Article: Effect of Meditation on Social-emotional Learning in Middle School Students
Publication: Education, Volume 139
Publisher: Project Innovation
Publication Date: March 2019
Authors: Lauren Valosek, Sanford Nidich, Staci Wendt, Jamie Grant, Randi Nidich
Related WestEd Program: Health & Justice Program

New research suggests middle school students practicing Transcendental Meditation as part of the widely implemented school Quiet Time program can significantly improve their social-emotional competencies and alleviate psychological distress.

WestEd Senior Research Associate Staci Wendt and her co-authors at the Center for Wellness and Achievement in Education compared 51 sixth-grade students from an urban public school district who participated in the Quiet Time program, which included a twice-daily practice of Transcendental Meditation, to 50 students from a demographically similar school within the same district.

They found a marked increase in overall social-emotional competency among students in the Quiet Time group compared to students who were not in the program. The effects were most notable among students identified as “high risk,” according to scores on the social-emotional learning instruments. In particular, students who were identified as high risk experienced a significant increase in their social-emotional competency, as well as a significant decrease in negative emotional symptoms as compared to students who did not participate in the program.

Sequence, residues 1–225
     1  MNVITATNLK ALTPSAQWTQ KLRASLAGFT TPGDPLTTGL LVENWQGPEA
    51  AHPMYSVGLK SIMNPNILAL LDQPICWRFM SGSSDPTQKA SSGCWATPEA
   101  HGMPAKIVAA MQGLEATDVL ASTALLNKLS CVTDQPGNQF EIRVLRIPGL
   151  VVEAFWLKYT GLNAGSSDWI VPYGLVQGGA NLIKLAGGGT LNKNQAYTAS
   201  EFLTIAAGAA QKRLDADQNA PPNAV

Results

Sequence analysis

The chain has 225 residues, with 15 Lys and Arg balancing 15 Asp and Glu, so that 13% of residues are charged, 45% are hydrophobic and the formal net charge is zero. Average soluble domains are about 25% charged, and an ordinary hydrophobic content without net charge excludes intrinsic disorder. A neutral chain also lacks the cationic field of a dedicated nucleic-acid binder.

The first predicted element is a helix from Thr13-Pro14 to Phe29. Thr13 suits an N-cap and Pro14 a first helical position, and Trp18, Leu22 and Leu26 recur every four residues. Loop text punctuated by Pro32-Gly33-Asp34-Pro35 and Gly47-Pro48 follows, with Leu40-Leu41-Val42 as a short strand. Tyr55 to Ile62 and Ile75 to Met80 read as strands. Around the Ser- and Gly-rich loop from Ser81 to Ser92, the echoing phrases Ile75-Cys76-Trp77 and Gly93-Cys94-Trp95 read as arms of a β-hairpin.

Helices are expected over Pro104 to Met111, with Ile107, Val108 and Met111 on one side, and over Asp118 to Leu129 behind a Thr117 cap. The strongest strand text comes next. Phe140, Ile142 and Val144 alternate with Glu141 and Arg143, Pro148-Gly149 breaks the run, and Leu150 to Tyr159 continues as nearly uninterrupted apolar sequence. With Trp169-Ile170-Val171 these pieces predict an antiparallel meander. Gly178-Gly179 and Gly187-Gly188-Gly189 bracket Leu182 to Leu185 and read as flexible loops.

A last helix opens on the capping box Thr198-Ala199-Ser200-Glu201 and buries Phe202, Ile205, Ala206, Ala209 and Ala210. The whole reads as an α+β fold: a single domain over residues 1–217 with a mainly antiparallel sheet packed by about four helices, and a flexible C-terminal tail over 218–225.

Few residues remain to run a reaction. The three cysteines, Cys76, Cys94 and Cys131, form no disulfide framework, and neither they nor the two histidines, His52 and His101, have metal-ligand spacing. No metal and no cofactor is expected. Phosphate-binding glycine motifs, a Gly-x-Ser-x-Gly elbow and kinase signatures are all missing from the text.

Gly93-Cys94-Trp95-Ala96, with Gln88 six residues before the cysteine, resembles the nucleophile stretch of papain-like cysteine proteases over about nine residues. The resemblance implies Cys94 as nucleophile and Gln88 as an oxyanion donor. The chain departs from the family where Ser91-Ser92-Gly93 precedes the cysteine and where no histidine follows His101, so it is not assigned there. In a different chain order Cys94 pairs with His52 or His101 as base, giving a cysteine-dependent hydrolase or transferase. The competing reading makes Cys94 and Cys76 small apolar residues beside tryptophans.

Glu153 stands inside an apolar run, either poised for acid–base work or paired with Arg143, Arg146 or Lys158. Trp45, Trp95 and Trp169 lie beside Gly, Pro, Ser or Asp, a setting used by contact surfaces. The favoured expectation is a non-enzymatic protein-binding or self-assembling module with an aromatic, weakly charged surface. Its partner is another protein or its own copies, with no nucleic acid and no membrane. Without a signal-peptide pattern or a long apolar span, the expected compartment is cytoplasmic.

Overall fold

Positive outcomes include improvements in teacher-reported decision-making, goal-directed behavior, personal responsibility, relationship skills, and optimistic thinking.

This study adds to the growing body of research and can help inform school and district leaders searching for programs to improve social-emotional learning and mental health among middle school students.

Read the article.